A few weeks ago, I was at a friend’s milestone birthday being celebrated at one of the city’s top hotels. The massive bar was loaded with every premium spirit imaginable, and right in front was a bottle of GH Mumm NV. Okay, this was an evening that called for champagne, I thought, and asked for a glass.
A while later, a senior member of the staff came up to me and asked if I wanted a refill. Yes please, I said, I’m drinking champagne. He was back in a jiffy, presently me with another tall flute, beaming. I took a sip. “This isn’t champagne,” I told him. “It is, ma’am,” he insisted. “No, it is not,” I was firm. “Maybe Prosecco?” His face froze into a rictus of embarrassment, but he wasn’t about to give in. Just then, a regular waiter who knew me well passed by. He assessed the situation and re-appeared in a flash with another tall flute. I sipped. This one was champagne. Investigating further, I saw the bartenders pouring many guests glasses of what clearly was Prosecco, while the GH Mumm remained firmly in its ice bucket on the bar.
Don’t get me wrong, I love many of the gorgeous sparkling wines produced around the world, and Proseccos and Cavas among them. But the habit of labeling everything with bubbles in it ‘champagne’ is irritating. What are people trying to prove? That customer can’t tell the difference? Or is this a general/ generic name being given for every wine with a bit of a sparkle to it? To my mind, considering that many of those doing this deliberate mis-labeling are often trained senior wait staff from premium hotels and restaurants who well know the difference, it is quite unforgiveable.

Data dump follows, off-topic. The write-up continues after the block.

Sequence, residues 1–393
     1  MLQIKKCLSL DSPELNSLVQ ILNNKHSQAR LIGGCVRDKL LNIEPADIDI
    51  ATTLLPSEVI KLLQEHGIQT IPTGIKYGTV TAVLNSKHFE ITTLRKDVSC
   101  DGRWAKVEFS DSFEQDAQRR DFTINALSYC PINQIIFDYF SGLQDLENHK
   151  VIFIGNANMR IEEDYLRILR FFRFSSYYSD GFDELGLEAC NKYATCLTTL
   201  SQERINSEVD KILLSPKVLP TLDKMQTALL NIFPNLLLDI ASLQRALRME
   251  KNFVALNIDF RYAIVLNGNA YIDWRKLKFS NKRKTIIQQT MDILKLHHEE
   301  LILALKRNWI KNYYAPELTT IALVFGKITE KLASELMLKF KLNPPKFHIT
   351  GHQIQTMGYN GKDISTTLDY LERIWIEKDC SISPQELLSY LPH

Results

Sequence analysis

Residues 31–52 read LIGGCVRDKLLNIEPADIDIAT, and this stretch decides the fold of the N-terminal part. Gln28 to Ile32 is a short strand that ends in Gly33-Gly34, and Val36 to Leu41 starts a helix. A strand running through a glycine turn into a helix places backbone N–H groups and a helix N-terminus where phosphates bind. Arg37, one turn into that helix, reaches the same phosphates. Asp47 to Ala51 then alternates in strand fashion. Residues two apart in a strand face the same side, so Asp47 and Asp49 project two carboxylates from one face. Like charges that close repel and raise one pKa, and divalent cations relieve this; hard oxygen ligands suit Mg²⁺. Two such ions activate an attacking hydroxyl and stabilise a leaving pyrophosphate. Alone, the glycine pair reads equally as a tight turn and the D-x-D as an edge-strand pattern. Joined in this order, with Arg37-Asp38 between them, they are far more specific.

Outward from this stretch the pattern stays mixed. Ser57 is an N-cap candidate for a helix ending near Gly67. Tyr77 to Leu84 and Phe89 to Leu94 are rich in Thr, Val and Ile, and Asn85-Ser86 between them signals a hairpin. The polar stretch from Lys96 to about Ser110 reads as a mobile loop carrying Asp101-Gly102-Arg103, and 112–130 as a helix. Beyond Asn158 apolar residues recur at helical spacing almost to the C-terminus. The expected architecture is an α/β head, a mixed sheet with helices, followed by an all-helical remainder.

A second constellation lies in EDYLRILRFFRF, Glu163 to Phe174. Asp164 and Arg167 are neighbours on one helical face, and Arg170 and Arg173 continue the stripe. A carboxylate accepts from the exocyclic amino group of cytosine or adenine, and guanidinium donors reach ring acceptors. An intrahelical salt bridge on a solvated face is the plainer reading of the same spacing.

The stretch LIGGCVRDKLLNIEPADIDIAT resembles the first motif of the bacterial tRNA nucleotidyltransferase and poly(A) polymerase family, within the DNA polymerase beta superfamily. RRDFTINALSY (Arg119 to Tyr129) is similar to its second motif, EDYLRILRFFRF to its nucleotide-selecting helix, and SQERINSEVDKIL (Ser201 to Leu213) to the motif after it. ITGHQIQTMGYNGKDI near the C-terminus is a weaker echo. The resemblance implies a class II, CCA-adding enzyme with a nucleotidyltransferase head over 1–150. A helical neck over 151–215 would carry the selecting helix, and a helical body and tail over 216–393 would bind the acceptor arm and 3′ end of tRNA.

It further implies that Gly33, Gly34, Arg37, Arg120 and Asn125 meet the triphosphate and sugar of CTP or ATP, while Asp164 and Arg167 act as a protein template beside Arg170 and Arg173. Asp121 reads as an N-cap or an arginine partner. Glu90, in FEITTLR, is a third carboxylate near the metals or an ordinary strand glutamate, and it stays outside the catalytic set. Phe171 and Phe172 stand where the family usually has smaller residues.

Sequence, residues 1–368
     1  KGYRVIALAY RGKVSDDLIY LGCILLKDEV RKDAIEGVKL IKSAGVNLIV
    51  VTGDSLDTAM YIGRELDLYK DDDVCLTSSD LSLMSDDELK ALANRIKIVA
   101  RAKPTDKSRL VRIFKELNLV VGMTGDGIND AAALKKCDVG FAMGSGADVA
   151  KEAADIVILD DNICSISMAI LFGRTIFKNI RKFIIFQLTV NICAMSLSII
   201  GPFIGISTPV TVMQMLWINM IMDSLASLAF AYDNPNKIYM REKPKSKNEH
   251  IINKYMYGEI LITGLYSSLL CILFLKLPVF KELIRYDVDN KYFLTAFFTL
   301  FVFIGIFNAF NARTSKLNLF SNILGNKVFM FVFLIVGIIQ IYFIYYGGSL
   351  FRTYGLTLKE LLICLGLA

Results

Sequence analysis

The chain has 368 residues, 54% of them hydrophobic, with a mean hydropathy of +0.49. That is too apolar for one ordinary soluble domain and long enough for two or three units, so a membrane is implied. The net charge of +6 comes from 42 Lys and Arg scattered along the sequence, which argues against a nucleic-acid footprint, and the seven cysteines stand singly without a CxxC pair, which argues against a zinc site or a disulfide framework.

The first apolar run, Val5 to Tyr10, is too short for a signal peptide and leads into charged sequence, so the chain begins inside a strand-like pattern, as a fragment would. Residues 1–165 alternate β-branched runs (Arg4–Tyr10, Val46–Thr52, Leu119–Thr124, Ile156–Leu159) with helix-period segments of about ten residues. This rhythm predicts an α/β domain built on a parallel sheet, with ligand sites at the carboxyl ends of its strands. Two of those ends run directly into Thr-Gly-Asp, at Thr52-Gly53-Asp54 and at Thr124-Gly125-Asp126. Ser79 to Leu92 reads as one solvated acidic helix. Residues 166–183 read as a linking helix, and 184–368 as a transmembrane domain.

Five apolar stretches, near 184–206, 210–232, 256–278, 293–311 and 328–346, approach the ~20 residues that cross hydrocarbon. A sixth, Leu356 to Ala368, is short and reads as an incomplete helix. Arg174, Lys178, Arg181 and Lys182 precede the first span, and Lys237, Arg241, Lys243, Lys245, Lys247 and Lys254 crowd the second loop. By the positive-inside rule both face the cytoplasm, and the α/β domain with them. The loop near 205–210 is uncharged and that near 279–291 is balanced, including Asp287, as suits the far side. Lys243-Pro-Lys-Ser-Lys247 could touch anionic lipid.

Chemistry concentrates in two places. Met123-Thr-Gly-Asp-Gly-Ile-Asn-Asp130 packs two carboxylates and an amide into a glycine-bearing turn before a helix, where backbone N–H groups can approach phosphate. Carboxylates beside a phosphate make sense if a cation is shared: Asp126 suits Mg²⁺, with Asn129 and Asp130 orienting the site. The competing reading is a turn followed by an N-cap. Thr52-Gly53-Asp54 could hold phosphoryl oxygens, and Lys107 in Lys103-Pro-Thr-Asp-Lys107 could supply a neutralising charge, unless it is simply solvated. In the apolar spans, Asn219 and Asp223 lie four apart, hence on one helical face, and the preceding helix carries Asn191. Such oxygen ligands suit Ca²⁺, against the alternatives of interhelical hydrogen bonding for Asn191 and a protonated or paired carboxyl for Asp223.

About a week ago, I happened to be at a lunch party at another big brand hotel in town. The food was excellent. It was also the hostess’ birthday, and a cake was cut, a bottle popped. A senior steward came up to me with a tall flute. “Champagne, madame?” he asked politely. Sure, I replied, and had a sip. Then I asked to see the bottle. It was a crément de Loire, one of my favourites, in fact. But it was not champagne. Why did he call it so, then? I’m guessing it was possibly to pump up the value of the bottle he had in his hand. To many of those present, a glass of pleasant sparkling was suffice to set the mood, a crément de Loire would do very well. But that didn’t mean that the steward had the license to call it something it was not. To me, that is being condescending to your customers.
Champagne has, over centuries, developed its own niche as one of the top premium luxury products of the world. It is associated with celebration, with good times and deep pockets. In India, even a non- vintage champagne costs a fair amount – at least $60 in retail. Also, serving or drinking a sparkling wine – of any type – has become fairly accessible what with many restaurants using wine storage systems like PresorVac, Perlage and Le Verre de Vin among others. So serving champagne has become quite the dernier cri. But many non-wine drinkers or newbies still can’t tell the difference between champagne and the zillions of sparkling wines being made around the world. While some of these sparkling wines are as good if not better than some champagnes, others fall into the ‘cheap and cheerful’ category.
I’m a firm believer that every form of wine has its place, from simple, fresh wines made for picnic quaffing to deep complex wines which call for the right time and the right occasion to open and enjoy. But do give every wine its rightful place, without adding to the view that many still hold – that wine is a high- falutin’ subject, only suitable for those who have big bucks and the ability to recite Jancis’ tome on grapes backwards. If those who know are honest about what they are serving, and help to spread a little information about it along the way, it will help the industry in so many ways.
By referring to everything in a flute ‘champagne’, one is doing a disservice, not just to champagne, but to every wine at every price point and taste profile around the world.